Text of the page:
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Limits on Iran’s nuclear program are needed more than ever 

Two recent IAEA reports indicate Iran has enough highly enriched uranium to produce material for a nuclear weapon in mere weeks.
Iranian Foreign Minister Hossein Amir-Abdollahian (L) meets with head of the International Atomic Energy Agency (IAEA) Rafael Grossi (R) in Tehran on March 5, 2022.

Two May 30 reports on Iran’s nuclear program by the International Atomic Energy Agency (IAEA) paint a dire picture. Iran has now produced over 43 kilograms of 60% highly enriched uranium (HEU). This is enough fissile material for a nuclear weapon if further enriched to 90%, a process that could take just a couple of weeks. Iran’s “breakout” time is thus below the margin of error for timely detection.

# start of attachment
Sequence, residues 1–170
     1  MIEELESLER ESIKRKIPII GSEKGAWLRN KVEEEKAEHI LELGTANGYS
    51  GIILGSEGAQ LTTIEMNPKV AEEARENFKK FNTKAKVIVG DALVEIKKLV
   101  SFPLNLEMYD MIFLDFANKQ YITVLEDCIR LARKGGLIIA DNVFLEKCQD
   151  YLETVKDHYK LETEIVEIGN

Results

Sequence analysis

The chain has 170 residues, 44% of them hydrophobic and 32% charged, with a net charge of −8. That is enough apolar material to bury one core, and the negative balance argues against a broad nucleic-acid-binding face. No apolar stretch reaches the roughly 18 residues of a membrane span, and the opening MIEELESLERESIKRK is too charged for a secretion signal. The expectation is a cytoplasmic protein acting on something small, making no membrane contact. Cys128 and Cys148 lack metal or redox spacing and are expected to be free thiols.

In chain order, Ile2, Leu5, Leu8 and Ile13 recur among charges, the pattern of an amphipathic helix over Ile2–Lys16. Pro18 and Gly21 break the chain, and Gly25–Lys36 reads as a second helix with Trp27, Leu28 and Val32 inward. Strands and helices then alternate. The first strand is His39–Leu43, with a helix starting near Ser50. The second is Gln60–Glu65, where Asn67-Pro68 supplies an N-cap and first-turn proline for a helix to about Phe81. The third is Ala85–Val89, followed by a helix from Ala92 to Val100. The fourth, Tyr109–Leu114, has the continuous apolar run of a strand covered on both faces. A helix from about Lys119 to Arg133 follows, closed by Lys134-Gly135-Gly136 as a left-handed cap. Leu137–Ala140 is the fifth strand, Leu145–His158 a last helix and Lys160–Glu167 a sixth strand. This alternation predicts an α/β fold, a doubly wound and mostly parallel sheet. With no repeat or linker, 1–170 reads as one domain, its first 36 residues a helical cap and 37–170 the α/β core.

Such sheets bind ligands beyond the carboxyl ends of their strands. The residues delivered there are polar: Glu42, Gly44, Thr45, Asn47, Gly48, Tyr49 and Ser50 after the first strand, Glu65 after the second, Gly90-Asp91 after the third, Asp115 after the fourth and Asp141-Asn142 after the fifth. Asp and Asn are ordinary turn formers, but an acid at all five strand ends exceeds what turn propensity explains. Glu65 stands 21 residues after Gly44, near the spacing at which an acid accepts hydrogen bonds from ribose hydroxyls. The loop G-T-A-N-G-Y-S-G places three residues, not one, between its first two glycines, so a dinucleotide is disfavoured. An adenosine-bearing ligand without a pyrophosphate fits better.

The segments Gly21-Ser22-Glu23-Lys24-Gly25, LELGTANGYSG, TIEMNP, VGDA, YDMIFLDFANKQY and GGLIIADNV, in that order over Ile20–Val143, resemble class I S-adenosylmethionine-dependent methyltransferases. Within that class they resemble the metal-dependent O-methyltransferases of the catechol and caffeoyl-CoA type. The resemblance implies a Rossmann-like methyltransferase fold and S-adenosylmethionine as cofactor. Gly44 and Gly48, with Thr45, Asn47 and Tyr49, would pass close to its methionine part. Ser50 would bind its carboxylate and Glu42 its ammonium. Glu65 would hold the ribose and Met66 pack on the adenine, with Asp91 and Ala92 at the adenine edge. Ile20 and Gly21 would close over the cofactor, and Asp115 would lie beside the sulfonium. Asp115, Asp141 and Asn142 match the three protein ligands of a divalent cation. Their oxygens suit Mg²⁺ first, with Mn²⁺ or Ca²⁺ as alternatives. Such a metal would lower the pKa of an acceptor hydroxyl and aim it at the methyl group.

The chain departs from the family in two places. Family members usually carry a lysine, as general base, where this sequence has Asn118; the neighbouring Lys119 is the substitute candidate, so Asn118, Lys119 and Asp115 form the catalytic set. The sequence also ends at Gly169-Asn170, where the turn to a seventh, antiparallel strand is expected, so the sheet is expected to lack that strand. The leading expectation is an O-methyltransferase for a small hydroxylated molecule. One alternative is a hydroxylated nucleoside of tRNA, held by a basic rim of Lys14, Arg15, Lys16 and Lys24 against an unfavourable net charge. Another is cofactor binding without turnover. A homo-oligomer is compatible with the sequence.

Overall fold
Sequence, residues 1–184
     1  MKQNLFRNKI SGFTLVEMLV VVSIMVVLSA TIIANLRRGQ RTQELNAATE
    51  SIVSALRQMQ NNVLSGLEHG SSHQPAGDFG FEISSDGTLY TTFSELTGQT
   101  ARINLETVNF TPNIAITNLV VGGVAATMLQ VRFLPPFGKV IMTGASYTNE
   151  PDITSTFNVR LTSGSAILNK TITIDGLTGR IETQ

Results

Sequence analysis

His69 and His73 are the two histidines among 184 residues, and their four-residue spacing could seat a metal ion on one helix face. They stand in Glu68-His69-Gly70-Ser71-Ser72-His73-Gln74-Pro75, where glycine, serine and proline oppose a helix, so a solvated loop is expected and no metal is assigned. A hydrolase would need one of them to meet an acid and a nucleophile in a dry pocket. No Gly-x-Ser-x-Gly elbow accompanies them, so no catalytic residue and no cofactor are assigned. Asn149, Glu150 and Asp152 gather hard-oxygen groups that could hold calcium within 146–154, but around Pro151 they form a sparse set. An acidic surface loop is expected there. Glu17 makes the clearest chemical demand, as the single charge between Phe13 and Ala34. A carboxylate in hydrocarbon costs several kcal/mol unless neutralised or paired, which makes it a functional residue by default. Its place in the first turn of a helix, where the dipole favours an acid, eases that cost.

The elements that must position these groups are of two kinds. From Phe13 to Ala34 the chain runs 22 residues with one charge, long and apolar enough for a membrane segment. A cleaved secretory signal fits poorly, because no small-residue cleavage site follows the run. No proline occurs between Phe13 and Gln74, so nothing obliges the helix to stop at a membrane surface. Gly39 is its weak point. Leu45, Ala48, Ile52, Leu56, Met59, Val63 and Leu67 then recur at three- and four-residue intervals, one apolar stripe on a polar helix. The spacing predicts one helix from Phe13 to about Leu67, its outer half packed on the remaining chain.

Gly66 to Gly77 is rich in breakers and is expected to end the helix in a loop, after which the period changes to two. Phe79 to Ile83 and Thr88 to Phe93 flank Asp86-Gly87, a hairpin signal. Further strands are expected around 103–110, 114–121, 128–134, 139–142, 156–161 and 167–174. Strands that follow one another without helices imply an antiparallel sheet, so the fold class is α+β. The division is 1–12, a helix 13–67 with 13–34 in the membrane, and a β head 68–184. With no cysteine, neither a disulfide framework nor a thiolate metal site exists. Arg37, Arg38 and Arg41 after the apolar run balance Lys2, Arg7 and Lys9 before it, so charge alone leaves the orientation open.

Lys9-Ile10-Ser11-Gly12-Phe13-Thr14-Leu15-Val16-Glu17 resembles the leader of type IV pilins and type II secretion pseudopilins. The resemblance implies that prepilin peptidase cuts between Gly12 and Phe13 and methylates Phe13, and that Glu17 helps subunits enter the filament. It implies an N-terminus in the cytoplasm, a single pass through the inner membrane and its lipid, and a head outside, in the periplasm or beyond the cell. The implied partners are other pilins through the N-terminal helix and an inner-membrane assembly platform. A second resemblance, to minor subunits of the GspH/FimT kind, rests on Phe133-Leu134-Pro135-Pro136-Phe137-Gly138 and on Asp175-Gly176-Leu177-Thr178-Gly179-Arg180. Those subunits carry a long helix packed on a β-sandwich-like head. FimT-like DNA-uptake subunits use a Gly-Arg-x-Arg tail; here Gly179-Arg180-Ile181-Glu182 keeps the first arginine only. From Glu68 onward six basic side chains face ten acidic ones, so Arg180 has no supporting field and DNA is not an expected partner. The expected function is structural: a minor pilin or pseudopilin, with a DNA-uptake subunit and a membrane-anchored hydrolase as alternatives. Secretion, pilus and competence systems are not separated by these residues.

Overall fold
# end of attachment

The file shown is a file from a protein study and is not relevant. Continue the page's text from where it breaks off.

While it would take Iran several more months to fashion the HEU into a crude weapon, and perhaps two years to mount it on a missile, fissile material production is typically considered to be the long pole in making nuclear weapons — both the most visible and the most time-consuming step. For Iran, producing weapons-grade HEU is now the shortest pole.  

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